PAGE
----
Since scientists first sequenced a cancer genome a decade ago, hundreds of cancer genomes have been sequenced, each one revealing myriad genetic mutations.
But which ones are significant? How can we decide which mutations might be the best drug targets?
Dr Keisuke Horikawa and his team at The John Curtin School of Medical Research at ANU are tackling this problem by investigating which mutations out of thousands are responsible for lymphoma, which is a cancer of white blood cells.
“What I am trying to do is find meaning in cancer genetics. We find so many mutations, but we don’t know which mutations are the problem,” says Dr Horikawa.
Lymphoma is the fifth most common cancer in Australia. Over 5800 Australians are diagnosed each year. Recent advances in DNA sequencing found that lymphoma genomes are very complex. It’s therefore difficult to treat patients with lymphoma because each patient has a unique set of mutations.
Ninety-five per cent of lymphomas originate from B cells, which is a type of white blood cell. B cells make the antibodies necessary to fight infection, however sometimes accumulation of mutations in the B cell can cause cancer.
“There is limited understanding as to which mutation is changing B cell function,” says Dr Horikawa.
As the cost of sequencing genomes has plummeted it is now possible to take a tumour sample from a patient and sequence it. But just knowing which genes are mutated is not helpful, because we don’t know which mutations are significant.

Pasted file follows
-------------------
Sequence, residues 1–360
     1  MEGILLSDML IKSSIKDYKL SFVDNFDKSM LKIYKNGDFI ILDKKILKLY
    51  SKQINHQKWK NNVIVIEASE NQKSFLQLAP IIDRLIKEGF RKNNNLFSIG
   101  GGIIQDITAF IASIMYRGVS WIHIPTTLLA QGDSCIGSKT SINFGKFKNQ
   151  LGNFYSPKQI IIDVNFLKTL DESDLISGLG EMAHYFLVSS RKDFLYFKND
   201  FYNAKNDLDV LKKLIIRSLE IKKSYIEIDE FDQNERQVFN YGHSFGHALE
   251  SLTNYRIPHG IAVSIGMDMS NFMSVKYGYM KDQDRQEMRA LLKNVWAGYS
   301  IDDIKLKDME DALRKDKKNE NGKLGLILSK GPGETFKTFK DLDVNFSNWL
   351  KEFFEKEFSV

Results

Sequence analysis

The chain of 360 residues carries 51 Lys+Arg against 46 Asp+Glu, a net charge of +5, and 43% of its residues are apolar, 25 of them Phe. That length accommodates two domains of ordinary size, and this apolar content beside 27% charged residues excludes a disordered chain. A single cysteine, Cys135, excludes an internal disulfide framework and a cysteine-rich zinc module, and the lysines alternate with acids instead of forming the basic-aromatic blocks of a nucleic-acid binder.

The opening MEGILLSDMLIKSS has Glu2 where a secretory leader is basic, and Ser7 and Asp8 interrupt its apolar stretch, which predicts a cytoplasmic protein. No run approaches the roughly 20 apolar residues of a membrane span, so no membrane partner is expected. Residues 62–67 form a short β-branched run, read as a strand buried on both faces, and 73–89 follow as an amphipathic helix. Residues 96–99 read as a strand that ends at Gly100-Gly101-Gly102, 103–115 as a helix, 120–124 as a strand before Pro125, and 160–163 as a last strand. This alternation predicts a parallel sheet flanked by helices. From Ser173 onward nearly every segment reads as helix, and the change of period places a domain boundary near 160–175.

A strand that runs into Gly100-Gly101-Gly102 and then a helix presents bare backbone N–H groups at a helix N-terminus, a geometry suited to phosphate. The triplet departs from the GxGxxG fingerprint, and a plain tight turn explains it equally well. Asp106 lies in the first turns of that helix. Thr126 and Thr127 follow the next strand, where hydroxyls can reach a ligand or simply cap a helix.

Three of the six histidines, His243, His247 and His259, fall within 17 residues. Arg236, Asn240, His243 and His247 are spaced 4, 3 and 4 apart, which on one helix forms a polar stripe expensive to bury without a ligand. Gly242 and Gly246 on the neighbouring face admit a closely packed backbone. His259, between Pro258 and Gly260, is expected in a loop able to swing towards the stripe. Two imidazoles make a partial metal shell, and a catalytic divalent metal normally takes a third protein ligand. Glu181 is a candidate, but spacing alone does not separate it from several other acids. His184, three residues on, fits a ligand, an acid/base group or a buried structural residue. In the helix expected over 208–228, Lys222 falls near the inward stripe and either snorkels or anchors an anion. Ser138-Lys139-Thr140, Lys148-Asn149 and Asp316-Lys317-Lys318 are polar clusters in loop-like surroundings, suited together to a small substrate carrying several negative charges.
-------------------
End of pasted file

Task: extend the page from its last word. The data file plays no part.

The goal in cancer medicine is to target the problems caused by mutations with drugs, but the first challenge is to identify which mutations are the problem.
“We characterise each mutation, checking for potency and to see if they respond to specific drugs,” says Dr Horikawa.
Dr Horikawa and his team have been focusing their research on mutations which have been found to have strong links with lymphomas. They are studying two molecules, MYD88 and CARD11, which are signaling molecules, responsible for communicating between cells. They were surprised to find that introducing MYD88 and CARD11 mutations into normal B cells caused them to proliferate. However, this proliferation was self-limiting, meaning that several checkpoints held back B cell proliferation driven by these mutations.
As a result, Dr Horwika and his team began researching a potential inhibitor of CARD11 mutations. They found lymphoma with weak CARD11 mutation can be treated with Bruton Tyrosine Kinase (BTK) inhibitor. This drug is now part of a clinical trial.
As it becomes more cost-effective to sequence tumours of individual patients the knowledge of which mutations are significant will make it easier to create effective individual treatment plans for patients.
“I hope my research is used in the future for personalised medicine,” Dr Horikawa says.
Published in Research Highlights – The John Curtin School of Medical Research, ANU, May 2017.